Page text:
One of the things which is so astonishing about these wildfires is the magnitude of the pollution: it has been so huge that recent estimates show that Indonesia has already exceeded Brazil, Germany, and Japan in terms of the annual amount of CO2 emissions (for the sake of completeness, links are provided in the appendix at the end of this letter). Moreover, during many days in this crisis the amount of CO2 emitted in Indonesia has surpassed even the emissions of the United States, a superpower whose economy is much bigger than the Indonesian economy. What makes the situation more dire is the fact that this phenomenon has occurred every year during the last decades, albeit usually the damage has been smaller than the damage of this year.

Why am I mentioning all of this? because fortunately, there is a very good opportunity to achieve, in the near future, a major progress in overcoming this difficult and complicated problem. Indeed, the United Nations Conference on Climate Change (COP21) in Paris (Nov 30 - Dec 11, 2015) provides this opportunity for Indonesia, Greenpeace, and the rest of the world to discuss the issue of wildfires and to ask for a long term and serious aid from the world. The connection between the above mentioned wildfires to COP21 is rather clear, since these wildfires contribute a non-negligible portion of the global greenhouse gases emissions.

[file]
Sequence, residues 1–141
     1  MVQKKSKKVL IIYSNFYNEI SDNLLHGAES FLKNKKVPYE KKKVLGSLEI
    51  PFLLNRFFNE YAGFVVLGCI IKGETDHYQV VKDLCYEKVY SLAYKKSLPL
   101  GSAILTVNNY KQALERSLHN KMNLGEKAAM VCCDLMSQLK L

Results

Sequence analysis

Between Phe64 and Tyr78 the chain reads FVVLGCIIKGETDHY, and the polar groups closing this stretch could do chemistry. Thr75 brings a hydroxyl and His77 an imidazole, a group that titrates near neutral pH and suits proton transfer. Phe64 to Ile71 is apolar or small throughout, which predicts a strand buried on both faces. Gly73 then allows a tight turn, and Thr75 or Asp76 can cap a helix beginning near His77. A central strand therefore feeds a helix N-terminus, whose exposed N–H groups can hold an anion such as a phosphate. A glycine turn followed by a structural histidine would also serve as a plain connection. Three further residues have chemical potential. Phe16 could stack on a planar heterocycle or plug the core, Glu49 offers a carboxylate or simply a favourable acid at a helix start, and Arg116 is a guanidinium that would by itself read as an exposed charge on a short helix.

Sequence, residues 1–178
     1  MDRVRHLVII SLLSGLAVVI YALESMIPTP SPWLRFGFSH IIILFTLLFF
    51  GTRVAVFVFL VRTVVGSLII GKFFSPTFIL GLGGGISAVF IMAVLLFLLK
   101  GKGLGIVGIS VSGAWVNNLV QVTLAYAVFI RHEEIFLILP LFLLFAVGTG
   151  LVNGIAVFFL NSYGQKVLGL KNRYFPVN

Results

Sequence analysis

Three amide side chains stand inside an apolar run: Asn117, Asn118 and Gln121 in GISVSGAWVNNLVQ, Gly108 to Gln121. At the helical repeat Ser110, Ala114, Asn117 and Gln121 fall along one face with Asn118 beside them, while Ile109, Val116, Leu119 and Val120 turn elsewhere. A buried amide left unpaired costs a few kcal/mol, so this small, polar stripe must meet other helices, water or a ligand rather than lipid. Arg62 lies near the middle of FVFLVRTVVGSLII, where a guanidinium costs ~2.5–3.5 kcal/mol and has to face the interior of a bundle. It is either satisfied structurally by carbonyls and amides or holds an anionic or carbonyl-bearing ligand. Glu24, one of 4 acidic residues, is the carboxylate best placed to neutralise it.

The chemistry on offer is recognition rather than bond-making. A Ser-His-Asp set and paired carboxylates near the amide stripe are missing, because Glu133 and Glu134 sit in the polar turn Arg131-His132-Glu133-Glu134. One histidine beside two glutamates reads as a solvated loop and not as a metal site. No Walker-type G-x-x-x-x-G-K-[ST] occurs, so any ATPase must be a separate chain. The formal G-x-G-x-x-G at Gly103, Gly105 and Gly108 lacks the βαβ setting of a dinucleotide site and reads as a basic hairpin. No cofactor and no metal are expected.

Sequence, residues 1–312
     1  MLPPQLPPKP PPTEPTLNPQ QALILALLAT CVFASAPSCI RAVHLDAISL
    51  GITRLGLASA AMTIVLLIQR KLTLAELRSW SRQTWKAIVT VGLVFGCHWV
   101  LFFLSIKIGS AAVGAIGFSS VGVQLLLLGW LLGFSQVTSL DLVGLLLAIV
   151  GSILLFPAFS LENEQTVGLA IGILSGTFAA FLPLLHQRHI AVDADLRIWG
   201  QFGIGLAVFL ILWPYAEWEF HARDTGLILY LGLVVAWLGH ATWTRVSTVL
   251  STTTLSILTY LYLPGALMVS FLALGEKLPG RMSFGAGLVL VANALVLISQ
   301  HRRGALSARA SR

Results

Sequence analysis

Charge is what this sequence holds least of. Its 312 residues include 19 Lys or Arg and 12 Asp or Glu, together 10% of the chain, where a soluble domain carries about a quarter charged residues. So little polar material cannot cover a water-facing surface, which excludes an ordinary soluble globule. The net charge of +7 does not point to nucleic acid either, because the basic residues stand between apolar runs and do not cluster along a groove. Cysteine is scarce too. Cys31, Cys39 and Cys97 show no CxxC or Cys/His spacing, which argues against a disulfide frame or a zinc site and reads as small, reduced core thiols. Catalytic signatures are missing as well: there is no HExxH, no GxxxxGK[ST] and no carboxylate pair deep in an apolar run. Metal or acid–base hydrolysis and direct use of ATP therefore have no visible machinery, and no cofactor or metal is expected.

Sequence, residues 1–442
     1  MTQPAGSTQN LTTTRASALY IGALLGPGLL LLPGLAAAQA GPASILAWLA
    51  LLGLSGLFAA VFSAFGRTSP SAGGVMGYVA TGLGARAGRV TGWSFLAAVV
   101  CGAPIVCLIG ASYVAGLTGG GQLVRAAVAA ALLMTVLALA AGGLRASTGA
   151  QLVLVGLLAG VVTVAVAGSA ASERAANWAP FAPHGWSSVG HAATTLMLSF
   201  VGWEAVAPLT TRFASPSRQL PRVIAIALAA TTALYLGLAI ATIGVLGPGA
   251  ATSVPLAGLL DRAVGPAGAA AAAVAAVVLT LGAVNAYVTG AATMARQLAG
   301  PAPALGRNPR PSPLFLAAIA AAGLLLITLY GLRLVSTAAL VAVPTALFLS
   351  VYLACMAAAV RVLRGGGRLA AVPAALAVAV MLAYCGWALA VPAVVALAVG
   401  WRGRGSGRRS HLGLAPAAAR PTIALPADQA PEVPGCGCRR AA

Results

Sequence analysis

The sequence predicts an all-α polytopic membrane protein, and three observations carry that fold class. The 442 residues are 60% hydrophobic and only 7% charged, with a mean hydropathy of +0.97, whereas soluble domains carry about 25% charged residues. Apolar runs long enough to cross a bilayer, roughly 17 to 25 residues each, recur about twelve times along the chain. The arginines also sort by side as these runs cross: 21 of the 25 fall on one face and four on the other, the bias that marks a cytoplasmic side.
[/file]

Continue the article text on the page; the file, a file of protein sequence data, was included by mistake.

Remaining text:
Various solutions have been suggested over the years and recently to solve the problem and to help Indonesia, and, as you know well, Greenpeace has been involved in some of them, including very recently. Although these solutions (for instance: moratoriums on forests and peatlands, tougher enforcement of the law and the corresponding punishment against those who have been responsible for the ignitions) are very important, they are not perfect, and there exists an additional solution which is especially interesting because it is simple and has a promising potential, yet it seems that it has not received much attention: to seriously upgrade the Indonesian fire service (fire department). This includes a significant increase in the number of firefighters and the corresponding equipment, a serious improvement of the required equipment and the training of the firefighters, better management and deployment of the firefighters, efficient means to combat underground fires (such as ones occurring in peatlands), high quality monitoring tools, efficient means for raising awareness and for preventing fires at the first place, etc. An upgraded Indonesian fire service, when combined with the other solutions mentioned above, significantly enhances them and significantly increases the chance to achieve a reliable long term resolution to the problem of wildfires and haze.